For those of you who have never heard of this show, it is loosely based on Jane Austin’s Pride and Prejudice, with Music by Joshua Saltzman and Book and Lyrics by Ryan Cunningham. It was first produced off-Broadway in 2006 and the first UK production was in 2007. So much for its history.
The show itself is, quite simply, wonderful, with a simple but engaging story-line and beautiful songs, and it deserves to be seen and experienced by a far wider audience than it probably has been in the past. Here, SUSU have handled it with skill, energy and creativity, and are fortunate to have six such supremely talented actors to call on to handle this tricky score with such confidence and ability. It was a bold choice of show for many reasons and one that has paid off handsomely.
A packed and supportive audience watched as the simple story of two New York couples unfolds; meeting, falling in love, falling out of love and finally falling in love again, ultimately realising that they love each other ‘because’ of who they are.
As Austin, the geeky writer of predictable verses in greeting cards, Will Fieldhouse set the opening scene (‘Another Saturday Night In New York’) along with the standard of what was to follow over the next two hours: impressive singing, acting and inventive choreography, along with believable and genuinely funny characterisation. Will’s self-effacing charm was his greatest asset and we were caught up in the twists and turns of his blossoming affair with Harriet Victoria’s Marcy, in the depths of despair after her break-up with her boyfriend. Harriet’s wonderful voice served her perfectly for perhaps the evening’s two best numbers, ‘Just Not Now’ and ‘Even Though’, both of which deserve to become classics in their own right.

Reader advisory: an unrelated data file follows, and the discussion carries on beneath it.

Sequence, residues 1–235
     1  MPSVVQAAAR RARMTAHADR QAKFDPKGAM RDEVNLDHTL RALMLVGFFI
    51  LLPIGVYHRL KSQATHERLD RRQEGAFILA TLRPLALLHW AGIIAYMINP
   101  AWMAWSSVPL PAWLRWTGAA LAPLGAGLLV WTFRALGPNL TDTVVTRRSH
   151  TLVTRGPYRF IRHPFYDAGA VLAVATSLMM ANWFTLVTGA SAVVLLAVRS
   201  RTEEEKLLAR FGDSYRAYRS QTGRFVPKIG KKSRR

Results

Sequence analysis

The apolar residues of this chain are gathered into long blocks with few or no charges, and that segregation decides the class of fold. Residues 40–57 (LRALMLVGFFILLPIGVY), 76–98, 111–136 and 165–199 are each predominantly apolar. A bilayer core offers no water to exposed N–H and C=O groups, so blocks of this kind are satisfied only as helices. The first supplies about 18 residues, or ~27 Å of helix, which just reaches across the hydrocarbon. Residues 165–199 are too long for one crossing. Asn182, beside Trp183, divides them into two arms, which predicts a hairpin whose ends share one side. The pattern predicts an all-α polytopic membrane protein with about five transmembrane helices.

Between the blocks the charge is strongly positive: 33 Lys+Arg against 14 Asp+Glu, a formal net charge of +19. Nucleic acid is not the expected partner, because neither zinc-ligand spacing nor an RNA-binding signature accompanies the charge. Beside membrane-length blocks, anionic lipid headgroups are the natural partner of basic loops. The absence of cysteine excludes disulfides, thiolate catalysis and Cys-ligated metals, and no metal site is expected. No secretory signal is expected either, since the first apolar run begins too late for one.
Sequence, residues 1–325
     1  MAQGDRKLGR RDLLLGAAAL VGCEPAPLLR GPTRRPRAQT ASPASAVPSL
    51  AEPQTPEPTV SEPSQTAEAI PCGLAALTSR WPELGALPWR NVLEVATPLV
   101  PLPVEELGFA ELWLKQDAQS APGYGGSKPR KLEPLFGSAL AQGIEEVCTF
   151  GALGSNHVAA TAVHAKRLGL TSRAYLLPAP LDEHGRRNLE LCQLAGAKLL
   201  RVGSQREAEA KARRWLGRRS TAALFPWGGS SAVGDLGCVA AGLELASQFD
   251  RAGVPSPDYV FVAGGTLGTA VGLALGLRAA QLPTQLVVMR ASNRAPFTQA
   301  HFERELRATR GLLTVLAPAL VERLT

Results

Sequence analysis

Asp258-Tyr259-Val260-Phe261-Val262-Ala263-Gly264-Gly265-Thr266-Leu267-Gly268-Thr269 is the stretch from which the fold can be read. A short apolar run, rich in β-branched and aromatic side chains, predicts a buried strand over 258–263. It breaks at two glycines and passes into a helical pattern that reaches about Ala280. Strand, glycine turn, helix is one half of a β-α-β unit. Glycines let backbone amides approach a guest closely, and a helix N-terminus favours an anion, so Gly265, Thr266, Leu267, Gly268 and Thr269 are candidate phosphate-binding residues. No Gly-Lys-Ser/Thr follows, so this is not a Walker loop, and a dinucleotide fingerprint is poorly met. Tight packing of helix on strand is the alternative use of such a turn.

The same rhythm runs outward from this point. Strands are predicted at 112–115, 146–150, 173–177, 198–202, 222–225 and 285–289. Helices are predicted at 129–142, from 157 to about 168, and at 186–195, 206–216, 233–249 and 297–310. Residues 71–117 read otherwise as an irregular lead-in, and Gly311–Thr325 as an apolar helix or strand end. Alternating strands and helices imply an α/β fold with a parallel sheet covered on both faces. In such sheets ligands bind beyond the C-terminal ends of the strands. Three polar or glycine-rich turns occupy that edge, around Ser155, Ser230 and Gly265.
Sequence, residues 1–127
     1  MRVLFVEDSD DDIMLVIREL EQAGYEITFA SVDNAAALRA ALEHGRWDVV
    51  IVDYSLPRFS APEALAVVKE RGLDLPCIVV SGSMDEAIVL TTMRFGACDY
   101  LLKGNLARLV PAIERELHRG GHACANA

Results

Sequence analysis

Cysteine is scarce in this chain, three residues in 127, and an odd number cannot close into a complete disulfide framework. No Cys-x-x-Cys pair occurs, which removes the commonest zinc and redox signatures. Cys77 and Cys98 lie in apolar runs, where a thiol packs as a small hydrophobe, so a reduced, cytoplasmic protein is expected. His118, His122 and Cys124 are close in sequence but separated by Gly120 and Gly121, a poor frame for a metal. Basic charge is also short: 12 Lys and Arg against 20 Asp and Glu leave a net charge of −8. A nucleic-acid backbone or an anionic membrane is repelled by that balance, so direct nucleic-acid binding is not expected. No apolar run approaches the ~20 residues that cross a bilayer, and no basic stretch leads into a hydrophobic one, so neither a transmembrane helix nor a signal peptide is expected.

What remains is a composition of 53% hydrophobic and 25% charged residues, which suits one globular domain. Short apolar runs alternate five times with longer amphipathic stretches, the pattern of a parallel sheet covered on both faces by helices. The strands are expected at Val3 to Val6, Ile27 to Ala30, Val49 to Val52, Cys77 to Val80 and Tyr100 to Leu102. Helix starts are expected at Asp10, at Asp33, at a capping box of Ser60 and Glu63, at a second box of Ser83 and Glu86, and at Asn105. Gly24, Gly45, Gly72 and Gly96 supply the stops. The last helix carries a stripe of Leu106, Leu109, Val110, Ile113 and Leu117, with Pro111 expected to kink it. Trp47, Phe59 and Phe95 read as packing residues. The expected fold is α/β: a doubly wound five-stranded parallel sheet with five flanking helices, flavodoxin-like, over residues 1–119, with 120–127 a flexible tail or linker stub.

As Austin’s brother Jeff, Kenny Adegbola provided much of the evening’s comic business, but matched his fellow actors in the singing stakes, particularly in his duet ‘We’re Just Friends’ with his girlfriend Diana, slickly played by Antigone Robertson, whose clever ‘Actuary Song’ outlined in some detail the rules for dating, all mathematically calculated. Kenny and Diana’s attempt to ‘get it together’, resulting in Jeff injuring his back and having to go to hospital, was just one of the many well-worked pieces of the show’s comic business.
A big mention, too, for the show’s two other performers: Alex Wareham and Imy Brighty-Potts as a succession of bartenders, baristas, cocktail waitresses and passers-by. Alex’s turn as a disgruntled Chinese waiter brought the house down, and both actors not only joined in the ensemble numbers to great effect, but got their own chance to shine musically with the number ‘Why Do We Do It?’
The 7-piece band, led by MD Molly Ellis, was excellent and Amy Springett’s choreography was spot on throughout. The whole show, in the clearly very capable hands of Director Maciek Shasha, was a delight from start to finish, and if any reader is in two minds about going, I would just say “GO SEE IT!!”